Eric Green, assistant professor of global health and co-founder of Nivi, a startup that addresses sexual and reproductive health in Kenya and India, recently led a user engagement analysis of their app, askNivi, using text mining to glean insights that will be instrumental in guiding future product development.
We recently talked with John Bartlett to learn more about DGHI's priority partnership network, hear about a recent partner workshop and find out where he sees the network headed in the future. Here are some excerpts from our conversation.
Assumpta Nantume envisioned a career as a clinical pharmacist, but during her second year of college, a field research experience in a rural village in Uganda nudged her in a different direction: global health research.
DGHI professor Eve Puffer and her team are researching ways to train lay counselors in a Kenyan community to deliver evidence-based family therapy to their peers. So far, the results are promising.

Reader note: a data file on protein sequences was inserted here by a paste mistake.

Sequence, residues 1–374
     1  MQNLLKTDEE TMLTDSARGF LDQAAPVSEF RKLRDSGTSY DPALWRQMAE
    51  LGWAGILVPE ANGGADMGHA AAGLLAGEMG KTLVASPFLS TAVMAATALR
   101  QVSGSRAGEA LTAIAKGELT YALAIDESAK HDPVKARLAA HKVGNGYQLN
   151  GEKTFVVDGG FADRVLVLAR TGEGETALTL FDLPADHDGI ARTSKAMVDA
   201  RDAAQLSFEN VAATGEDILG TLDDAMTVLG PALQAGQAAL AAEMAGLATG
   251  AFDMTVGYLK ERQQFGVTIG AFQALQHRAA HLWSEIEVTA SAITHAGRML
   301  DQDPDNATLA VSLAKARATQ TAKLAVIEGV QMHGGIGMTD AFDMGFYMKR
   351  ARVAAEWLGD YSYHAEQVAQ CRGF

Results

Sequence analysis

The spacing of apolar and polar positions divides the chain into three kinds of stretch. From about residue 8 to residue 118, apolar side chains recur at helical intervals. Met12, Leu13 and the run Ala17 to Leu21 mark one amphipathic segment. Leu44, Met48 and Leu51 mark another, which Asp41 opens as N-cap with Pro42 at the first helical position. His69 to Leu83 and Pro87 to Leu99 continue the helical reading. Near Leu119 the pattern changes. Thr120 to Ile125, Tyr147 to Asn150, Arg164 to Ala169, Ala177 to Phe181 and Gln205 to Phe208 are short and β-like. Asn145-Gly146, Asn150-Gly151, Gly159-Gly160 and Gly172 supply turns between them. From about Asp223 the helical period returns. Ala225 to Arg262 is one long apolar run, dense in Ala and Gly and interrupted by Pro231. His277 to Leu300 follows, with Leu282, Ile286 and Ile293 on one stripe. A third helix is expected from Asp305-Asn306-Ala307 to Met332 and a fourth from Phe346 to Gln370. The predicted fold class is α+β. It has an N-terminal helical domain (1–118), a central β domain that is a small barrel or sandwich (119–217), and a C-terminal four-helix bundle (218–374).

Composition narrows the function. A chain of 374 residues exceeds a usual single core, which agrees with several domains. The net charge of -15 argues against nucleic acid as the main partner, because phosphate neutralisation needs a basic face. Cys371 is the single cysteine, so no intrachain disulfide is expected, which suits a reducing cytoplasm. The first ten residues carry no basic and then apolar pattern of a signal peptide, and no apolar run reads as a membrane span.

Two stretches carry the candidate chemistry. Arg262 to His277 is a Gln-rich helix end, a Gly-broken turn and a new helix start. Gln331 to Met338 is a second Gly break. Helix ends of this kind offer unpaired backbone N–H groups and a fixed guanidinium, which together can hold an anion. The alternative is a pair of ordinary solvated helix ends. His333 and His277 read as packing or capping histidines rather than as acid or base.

A new teaching and research laboratory opened on January 24 at the Webuye County Hospital in Webuye, Kenya, a teaching center for medical residents, medical officers, clinical officers and nurses from across the country.
As artificial intelligence is on the rise, a few Duke Global Health Institute researchers have recognized its potential to improve access to healthcare. Artificial intelligence (AI) can come in many different forms, but Master of Science in Global Health student Mary Brannock and professor Eric Green are focusing on chatbots.
The American Society of Tropical Medicine and Hygiene recently honored Wendy O’Meara, associate professor of medicine and global health, with a 2018 Bailey K. Ashford Medal at the ASTMH annual meeting. This award recognizes distinguished work in tropical medicine by early- or mid-career ASTMH members.
A recent study, led by Hussain Lalani, a former Doris Duke International Clinical Research fellow at DGHI, was the first to investigate factors associated with critical care outcomes and mortality at a public hospital in Kenya.
Thirty-five DGHI-affiliated authors—including faculty, staff and alumni—recently shared new discoveries on a variety of global health topics in peer-reviewed publications.
DGHI has selected three new Doris Duke International Clinical Research Fellows for the 2018-19 academic year. The fellows—one medical student from Indiana University and two from Duke University—will conduct clinical global health research throughout the upcoming academic year.